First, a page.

THE DECEMBER 30TH issue of Time magazine featured an article about the Virgin Mary. It reported a world-wide renewal of interest in her supposed powers to affect the lives of people, and to alter circumstances here on the earth. This is a grass-roots revival, it was pointed out, attending claims made for her which go beyond what the official Church tenets hold to, and in some instances has proven an embarrassment to the clergy. Reporting a sighting of the Virgin, in the words of one of the Church Fathers, is “all the fashion,” and happens repeatedly in many parts of the world. Attendance at some of the largest of the traditional Church shrines has increased phenomenally in recent years—Lourdes of France reporting a jump of 10% in the past two years.

It was stated that many of the turning points of history are now attributed to the intercession of Mary. The most recent of these was the rise and fall of Mikhail Gorbachev in the former USSR, and the attending defeat of Communism.

Controversy has been rekindled concerning the claims that the mother of Jesus remained ever a virgin, that like her son, Jesus, she, too, was born without sin, and that “her sufferings at the crucifixion were so great that she participated with her son in the redemption of humanity.” So stated the cover story of Time magazine.

In the year 1950, the dogma of the bodily assumption of Mary was proclaimed. In plain words, this meant that it was now necessary for all Roman Catholics to profess their belief that Mary ascended to heaven as a human being, and is now there in the flesh to intercede for those who pray to Christ through her. This had been taught and believed by some in the Church for a long time, but it was not mandatory that all should accept it until 1950. But with this proclamation, Catholics had to believe it in order to remain in favor with the Church.

What Say the Scriptures?

Whether Catholics or Protestants, it is fitting when a certain viewpoint is made so important a part of alleged Christian belief, to reexamine the Word of God to determine what authority, if any, it might contain for such a dogma. Just what does the Bible say about Mary? Was she venerated in the Early Church? Were the early disciples taught by Jesus, or by others, to use her name in their prayers? Is she ever referred to as the “mother of God”? Is there any hint that when she died she was taken directly to heaven in the flesh, or in any other manner?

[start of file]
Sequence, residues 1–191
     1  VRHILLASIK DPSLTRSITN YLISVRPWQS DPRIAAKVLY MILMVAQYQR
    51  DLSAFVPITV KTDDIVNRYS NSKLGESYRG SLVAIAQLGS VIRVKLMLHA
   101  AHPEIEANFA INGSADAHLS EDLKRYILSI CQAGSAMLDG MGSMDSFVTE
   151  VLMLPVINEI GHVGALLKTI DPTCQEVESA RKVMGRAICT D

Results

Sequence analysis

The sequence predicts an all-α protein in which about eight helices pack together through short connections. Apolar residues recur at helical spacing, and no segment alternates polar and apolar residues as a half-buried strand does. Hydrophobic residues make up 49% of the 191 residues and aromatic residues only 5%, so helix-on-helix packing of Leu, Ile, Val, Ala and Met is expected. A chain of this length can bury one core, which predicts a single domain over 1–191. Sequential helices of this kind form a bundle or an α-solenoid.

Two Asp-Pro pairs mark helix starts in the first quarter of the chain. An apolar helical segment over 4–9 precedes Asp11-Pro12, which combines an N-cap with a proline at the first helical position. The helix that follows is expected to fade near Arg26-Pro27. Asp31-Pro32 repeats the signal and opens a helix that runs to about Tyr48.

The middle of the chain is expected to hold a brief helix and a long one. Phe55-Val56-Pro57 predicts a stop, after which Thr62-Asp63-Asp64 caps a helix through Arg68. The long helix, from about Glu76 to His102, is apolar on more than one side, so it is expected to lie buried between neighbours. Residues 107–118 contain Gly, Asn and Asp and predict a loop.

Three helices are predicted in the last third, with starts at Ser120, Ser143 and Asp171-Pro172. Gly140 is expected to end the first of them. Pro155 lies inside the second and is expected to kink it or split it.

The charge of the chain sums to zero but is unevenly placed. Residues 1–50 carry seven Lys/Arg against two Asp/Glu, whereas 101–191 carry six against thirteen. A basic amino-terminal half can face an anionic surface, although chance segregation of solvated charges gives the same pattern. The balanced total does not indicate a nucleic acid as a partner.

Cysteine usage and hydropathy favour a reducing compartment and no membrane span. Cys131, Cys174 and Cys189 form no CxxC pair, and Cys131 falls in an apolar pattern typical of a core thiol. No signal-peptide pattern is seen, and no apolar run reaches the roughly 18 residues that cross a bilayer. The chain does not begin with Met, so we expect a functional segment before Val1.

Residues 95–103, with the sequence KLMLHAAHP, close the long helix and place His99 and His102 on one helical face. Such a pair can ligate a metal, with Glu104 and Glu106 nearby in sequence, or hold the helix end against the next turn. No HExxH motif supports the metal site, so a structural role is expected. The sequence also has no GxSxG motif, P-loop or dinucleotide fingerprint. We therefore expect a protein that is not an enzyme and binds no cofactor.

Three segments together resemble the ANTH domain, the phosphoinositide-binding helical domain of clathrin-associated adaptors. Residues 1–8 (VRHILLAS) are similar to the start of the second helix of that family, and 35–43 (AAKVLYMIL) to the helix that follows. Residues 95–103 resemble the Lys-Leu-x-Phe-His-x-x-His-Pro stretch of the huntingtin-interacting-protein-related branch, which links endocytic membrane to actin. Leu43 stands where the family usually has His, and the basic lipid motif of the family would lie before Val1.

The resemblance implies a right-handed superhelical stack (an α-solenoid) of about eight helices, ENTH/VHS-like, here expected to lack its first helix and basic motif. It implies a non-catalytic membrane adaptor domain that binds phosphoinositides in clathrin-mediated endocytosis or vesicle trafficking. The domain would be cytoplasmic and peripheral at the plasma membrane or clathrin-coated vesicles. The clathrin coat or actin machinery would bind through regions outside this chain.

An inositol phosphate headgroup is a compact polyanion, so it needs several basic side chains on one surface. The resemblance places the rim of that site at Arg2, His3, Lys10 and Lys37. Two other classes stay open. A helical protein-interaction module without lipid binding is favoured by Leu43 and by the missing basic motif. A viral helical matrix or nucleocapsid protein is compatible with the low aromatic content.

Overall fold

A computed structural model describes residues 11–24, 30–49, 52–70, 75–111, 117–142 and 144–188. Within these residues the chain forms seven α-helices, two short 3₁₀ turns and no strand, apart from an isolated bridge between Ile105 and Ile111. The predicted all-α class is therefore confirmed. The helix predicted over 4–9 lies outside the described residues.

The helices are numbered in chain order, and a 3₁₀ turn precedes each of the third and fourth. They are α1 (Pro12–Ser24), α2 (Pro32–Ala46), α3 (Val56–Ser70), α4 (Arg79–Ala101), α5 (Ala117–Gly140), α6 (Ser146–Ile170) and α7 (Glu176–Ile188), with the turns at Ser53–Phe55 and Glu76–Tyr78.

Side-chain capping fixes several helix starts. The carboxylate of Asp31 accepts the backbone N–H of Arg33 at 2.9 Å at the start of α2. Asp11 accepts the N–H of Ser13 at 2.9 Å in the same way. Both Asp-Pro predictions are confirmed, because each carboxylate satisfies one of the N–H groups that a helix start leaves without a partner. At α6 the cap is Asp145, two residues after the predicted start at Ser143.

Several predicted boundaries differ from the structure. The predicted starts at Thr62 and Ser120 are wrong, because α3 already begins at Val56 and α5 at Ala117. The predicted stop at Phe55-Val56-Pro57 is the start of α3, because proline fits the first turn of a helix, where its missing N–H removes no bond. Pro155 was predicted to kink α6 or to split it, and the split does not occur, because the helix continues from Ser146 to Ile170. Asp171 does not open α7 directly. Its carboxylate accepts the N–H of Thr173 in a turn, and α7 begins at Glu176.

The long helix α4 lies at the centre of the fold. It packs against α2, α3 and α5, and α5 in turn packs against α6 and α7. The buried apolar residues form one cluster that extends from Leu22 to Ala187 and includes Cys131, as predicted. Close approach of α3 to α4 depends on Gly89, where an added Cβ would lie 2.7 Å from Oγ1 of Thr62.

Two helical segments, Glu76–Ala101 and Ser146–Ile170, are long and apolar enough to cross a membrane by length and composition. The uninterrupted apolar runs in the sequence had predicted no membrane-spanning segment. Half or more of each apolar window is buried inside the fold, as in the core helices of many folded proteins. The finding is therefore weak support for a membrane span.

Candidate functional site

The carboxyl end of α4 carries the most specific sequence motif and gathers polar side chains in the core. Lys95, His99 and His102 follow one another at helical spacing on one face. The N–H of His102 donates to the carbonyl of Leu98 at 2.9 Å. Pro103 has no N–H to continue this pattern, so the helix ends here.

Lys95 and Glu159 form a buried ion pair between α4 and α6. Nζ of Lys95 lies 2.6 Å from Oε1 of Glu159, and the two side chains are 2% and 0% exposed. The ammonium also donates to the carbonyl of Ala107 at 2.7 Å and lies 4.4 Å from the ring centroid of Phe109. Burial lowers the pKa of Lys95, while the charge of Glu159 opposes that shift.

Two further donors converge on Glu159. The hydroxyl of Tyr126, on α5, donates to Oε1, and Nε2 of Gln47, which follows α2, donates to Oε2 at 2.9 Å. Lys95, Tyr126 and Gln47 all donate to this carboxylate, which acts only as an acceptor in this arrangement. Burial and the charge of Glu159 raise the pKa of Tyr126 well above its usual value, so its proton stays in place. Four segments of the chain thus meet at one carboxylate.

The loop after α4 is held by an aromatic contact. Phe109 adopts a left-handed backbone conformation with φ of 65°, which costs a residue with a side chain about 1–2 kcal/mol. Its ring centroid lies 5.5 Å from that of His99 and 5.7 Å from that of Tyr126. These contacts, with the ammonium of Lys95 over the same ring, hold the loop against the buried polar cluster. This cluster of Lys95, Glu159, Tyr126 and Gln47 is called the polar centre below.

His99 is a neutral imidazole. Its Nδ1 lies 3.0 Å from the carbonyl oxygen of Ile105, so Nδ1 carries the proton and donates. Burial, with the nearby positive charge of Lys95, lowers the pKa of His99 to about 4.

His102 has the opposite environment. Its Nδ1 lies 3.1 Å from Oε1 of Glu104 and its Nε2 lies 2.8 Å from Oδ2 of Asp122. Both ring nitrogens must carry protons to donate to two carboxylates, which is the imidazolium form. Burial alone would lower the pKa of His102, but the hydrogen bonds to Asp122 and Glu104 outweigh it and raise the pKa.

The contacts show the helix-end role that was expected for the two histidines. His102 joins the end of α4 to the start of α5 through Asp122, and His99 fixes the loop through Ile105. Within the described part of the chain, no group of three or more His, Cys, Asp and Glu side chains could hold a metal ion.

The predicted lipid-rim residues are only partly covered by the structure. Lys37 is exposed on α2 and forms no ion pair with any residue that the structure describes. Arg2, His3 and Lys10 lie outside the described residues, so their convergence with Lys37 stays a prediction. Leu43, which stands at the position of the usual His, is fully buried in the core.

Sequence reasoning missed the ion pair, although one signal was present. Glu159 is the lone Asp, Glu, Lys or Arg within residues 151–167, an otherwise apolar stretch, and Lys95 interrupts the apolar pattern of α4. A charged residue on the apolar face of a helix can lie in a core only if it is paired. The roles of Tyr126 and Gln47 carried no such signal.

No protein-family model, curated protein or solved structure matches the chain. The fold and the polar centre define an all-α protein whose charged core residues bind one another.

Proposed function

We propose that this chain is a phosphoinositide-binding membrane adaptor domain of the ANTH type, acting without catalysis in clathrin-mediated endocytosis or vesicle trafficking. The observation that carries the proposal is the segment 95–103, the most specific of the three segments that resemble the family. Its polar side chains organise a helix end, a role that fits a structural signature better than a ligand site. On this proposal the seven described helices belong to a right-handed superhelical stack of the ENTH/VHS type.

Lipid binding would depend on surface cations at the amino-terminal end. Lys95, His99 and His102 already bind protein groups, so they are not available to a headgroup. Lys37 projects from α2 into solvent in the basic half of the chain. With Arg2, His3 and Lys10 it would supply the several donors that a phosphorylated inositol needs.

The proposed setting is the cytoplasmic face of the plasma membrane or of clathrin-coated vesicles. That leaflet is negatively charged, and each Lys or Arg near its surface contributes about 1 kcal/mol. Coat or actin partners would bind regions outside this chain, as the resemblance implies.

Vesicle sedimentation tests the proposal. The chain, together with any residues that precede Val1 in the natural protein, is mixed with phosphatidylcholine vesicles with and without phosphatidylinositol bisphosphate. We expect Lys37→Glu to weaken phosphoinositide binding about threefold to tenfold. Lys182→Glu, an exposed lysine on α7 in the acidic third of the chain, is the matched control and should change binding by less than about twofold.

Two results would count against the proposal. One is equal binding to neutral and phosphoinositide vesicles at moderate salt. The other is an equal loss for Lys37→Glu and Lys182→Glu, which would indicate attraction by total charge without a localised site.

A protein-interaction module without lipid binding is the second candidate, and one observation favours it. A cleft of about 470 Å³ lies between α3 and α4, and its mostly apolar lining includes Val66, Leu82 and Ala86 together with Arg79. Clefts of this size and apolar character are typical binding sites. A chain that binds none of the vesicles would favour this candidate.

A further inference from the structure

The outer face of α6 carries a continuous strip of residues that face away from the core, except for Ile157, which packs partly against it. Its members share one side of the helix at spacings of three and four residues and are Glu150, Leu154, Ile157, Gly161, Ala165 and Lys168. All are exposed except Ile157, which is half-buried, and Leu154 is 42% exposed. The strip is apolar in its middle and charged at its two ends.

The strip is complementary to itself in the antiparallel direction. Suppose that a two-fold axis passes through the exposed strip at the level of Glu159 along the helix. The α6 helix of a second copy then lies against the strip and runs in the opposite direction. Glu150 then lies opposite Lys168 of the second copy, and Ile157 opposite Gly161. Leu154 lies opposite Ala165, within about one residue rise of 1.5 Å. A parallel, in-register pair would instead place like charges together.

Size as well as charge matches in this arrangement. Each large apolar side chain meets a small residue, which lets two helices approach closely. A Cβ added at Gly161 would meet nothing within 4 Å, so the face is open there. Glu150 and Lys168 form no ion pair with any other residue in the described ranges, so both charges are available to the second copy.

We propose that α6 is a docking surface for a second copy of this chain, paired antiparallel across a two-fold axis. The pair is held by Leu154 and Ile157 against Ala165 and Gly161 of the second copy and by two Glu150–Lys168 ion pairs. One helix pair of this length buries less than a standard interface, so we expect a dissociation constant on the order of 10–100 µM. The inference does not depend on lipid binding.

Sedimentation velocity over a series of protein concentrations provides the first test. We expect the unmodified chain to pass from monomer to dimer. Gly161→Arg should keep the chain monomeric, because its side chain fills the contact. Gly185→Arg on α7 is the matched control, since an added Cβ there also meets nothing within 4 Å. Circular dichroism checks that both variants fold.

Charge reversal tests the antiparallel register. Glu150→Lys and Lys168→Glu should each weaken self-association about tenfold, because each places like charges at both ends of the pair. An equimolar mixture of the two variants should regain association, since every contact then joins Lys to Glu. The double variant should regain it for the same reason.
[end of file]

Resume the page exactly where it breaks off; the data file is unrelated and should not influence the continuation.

The first mention of Mary in the Bible is in connection with the circumstances which led up to the birth of Jesus. The last reference to her is recorded in Acts 1:14. Here we are told of a little gathering of Jesus’ disciples who were waiting in an upper room in Jerusalem for the fulfillment of his promise to send them the Holy Spirit. “These all continued with one accord in prayer and supplication,” we are told. In this group were “the women, and Mary the mother of Jesus.”—Acts 1:14

This was just before Pentecost, and while the Book of Acts and the various epistles written by the apostles of Jesus reveal much concerning the viewpoints and activities of the Early Church over a period of many years after Pentecost, not one other reference is made to Mary in any of these writings. Even the Apostle Peter, who is claimed to have been the first Pope of the Catholic Church, does not mention Mary’s name, although he wrote two important epistles setting forth many vital points of faith and practice.

The apostles’ complete silence concerning any special position occupied in the church by Mary is quite understandable when we take into consideration the fact that Jesus himself likewise failed to indicate that his followers should in any way ascribe special honor to his mother. On one occasion there seemed to be an excellent opportunity to impress upon the minds of his disciples the importance of honoring his mother, but instead of doing this, he used the circumstance to impress a contrary lesson upon their hearts and minds.

This incident is recorded in Matthew 12:46-50. While Jesus was discoursing to the people, his mother and brothers—that is, the younger children of Mary—came to that place, and indicated that they would like to speak to him. One of the listeners told Jesus about this, saying, “Behold, thy mother and thy brethren stand without, desiring to speak with thee.” What was Jesus’ reply? He raised the question, “Who is my mother? and who are my brethren?”

Jesus then answered his own question. The account reads that “he stretched forth his hand toward his disciples, and said, Behold my mother and my brethren! For whosoever shall do the will of my Father which is in heaven, the same is my brother, and sister, and mother.” No other meaning can be given to these words than the fact that Jesus did not want his disciples to hold his mother in higher esteem than any others who believed on him and became his footstep followers. His lesson was: that the fact that she was his mother did not entitle her to receive special honor and veneration from his other disciples.

Jesus did respect and love his mother, and as a son felt a due responsibility toward her welfare. This is evidenced by the command he gave to the Apostle John while dying on the cross. His mother was standing there, near enough, apparently, to hear what the Master said. John was also nearby. Addressing the apostle, Jesus said, “Behold thy mother!” and to Mary he said concerning John, “Behold thy son!” (John 19:26,27) This has been seized upon by some Catholic teachers as proof that all the followers of Jesus should venerate Mary as “mother.” But there is nothing in the. account to indicate that Jesus had anything of the kind in mind. It was simply a beautiful way of impressing upon John that Jesus was giving him the responsibility of caring for his mother, and indicating to her that she was to look to John for such care as she might need—that, in this respect, John would take his place in her life.

These are the only instances recorded in the Bible in which Mary’s association with Jesus and his disciples are definitely mentioned, and instead of revealing that the Master wants his people to venerate her as is done in the Roman Catholic Church, the very opposite is true. This, we think, is very significant. But sometimes even greater importance can be attached to what is not said on a certain subject, and this is especially true of Mary’s position in the church.